I didn’t think I had a hope of winning the cash, but I was ready to try anything to change my body. So I signed up.

I’d worked with nutritionists and personal trainers before. I’d read the books and done the group classes, and thought I had tried everything.

So I was surprised when my first meeting with my trainer took place in the free-weight area of the gym. I’d never ventured beyond the resistance and cardio machines before. The clanking plates were intimidating, but it was also thrilling.

That trainer taught me to lift properly, and from my first set of shoulder presses, I never looked back. I followed his training and diet plan religiously, weighing and measuring everything I ate.

Nothing was more empowering than lifting weights and seeing those changes in the mirror. I was shocked.

And so were my coworkers when I stood on that stage in a bikini three months later.

I didn’t just win that competition—I owned it. I was back onstage, doing what I loved, but instead of dancing in a body that never felt right, I was posing in a body that I was proud of. Suddenly my muscular arms and backside were beautiful.

That was the day I learned to love my body.

From that point on, physique competitions became a huge part of my life. I competed all over North America, working with the world’s best trainers and nutritionists, and posing for magazines like Oxygen and Inside Fitness.

But the best part has been learning how to help others discover the same joy that comes from lifting heavy, eating right, and taking charge of a body that they thought they could never love.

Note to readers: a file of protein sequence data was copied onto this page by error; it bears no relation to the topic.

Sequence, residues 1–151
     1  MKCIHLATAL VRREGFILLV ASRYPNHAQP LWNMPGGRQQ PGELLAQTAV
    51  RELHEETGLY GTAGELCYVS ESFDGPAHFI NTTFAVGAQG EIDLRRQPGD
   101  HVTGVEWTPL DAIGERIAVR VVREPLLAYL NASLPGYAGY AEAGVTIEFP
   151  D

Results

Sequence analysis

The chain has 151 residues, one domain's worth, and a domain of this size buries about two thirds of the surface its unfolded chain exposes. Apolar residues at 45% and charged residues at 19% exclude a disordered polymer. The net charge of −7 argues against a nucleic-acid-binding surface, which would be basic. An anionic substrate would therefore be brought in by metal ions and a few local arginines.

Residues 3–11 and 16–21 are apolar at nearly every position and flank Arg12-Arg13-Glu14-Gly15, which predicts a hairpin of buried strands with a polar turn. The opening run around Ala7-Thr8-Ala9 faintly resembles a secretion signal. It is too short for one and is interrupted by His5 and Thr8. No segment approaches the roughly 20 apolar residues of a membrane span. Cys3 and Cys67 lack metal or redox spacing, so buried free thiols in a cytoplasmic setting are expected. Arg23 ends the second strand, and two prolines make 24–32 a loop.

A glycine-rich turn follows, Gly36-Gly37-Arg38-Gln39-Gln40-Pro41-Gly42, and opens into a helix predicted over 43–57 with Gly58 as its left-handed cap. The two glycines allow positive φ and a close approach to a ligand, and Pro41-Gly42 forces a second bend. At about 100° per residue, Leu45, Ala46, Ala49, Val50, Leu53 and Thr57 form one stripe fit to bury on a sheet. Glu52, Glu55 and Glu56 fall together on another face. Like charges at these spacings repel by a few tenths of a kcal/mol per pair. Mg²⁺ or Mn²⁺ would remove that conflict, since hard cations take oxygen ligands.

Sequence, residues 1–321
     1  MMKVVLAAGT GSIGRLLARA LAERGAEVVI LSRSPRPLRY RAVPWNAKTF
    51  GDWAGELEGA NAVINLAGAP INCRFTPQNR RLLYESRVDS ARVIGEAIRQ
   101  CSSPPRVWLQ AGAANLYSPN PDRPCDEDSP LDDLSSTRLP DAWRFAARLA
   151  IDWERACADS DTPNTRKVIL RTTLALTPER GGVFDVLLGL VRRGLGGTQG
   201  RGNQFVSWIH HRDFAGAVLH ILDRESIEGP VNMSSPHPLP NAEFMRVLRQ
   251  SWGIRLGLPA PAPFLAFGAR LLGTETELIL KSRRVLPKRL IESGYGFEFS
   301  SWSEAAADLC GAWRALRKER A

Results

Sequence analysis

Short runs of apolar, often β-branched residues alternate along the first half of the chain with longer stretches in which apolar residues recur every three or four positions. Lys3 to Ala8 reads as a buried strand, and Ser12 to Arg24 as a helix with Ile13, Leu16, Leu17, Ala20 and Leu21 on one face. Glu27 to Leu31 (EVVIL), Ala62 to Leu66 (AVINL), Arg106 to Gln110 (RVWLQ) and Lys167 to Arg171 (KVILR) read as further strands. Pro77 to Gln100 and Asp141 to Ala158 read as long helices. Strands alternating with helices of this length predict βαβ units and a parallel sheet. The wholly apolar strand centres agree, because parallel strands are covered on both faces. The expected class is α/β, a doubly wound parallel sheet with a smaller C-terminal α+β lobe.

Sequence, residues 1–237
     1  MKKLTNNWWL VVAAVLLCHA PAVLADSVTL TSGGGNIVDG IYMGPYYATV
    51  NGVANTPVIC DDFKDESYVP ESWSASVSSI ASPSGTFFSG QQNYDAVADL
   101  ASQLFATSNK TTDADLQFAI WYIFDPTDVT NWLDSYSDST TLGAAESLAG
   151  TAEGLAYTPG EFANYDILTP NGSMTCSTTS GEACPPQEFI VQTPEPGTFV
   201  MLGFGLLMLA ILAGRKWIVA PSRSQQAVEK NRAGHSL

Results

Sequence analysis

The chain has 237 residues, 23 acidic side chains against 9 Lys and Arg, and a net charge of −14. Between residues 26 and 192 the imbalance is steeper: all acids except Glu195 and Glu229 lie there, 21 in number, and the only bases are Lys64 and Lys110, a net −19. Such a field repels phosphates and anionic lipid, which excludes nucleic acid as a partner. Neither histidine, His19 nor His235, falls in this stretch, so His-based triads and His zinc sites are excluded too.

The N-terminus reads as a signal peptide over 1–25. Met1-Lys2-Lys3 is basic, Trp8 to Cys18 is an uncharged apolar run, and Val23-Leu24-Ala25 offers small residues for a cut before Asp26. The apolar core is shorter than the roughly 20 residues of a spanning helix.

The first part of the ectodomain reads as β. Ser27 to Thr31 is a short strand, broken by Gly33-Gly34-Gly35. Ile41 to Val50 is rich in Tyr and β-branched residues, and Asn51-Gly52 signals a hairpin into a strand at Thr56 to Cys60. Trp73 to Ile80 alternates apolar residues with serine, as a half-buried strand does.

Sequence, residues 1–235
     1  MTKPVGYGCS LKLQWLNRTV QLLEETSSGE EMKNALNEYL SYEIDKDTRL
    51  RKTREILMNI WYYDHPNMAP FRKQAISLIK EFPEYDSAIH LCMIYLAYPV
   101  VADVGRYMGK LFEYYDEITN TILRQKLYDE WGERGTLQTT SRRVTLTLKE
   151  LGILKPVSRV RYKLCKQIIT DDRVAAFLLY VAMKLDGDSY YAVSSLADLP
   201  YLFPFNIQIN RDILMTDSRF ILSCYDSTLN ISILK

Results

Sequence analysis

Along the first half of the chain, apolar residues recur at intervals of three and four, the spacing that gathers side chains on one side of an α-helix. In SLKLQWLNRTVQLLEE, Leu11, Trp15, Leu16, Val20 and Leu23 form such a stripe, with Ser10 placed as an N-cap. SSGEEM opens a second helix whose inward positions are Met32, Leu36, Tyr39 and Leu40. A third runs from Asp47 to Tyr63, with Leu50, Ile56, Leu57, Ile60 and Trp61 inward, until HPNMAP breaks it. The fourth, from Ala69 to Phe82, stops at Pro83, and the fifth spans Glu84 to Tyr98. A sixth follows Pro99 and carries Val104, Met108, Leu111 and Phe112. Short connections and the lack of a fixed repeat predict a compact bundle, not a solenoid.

That’s why I started Lean By Heart—so I could help others achieve the same feeling of accomplishment that I felt once I learned to make training and healthy eating a life-long habit.

If you’re ready to take that journey, get started on your own body transformation today!

So I was surprised when my first meeting with my trainer took place in the free-weight area of the gym. I’d never ventured beyond the resistance and cardio machines before. The clanking plates were intimidating, but it was also thrilling.

That trainer taught me to lift properly, and from my first set of shoulder presses, I never looked back. I followed his training and diet plan religiously, weighing and measuring everything I ate.

Nothing was more empowering than lifting weights and seeing those changes in the mirror. I was shocked.

And so were my coworkers when I stood on that stage in a bikini three months later.

I didn’t just win that competition—I owned it. I was back onstage, doing what I loved, but instead of dancing in a body that never felt right, I was posing in a body that I was proud of. Suddenly my muscular arms and backside were beautiful.

That was the day I learned to love my body.

From that point on, physique competitions became a huge part of my life. I competed all over North America, working with the world’s best trainers and nutritionists, and posing for magazines like Oxygen and Inside Fitness.

But the best part has been learning how to help others discover the same joy that comes from lifting heavy, eating right, and taking charge of a body that they thought they could never love.

That’s why I started Lean By Heart—so I could help others achieve the same feeling of accomplishment that I felt once I learned to make training and healthy eating a life-long habit.

If you’re ready to take that journey, get started on your own body transformation today!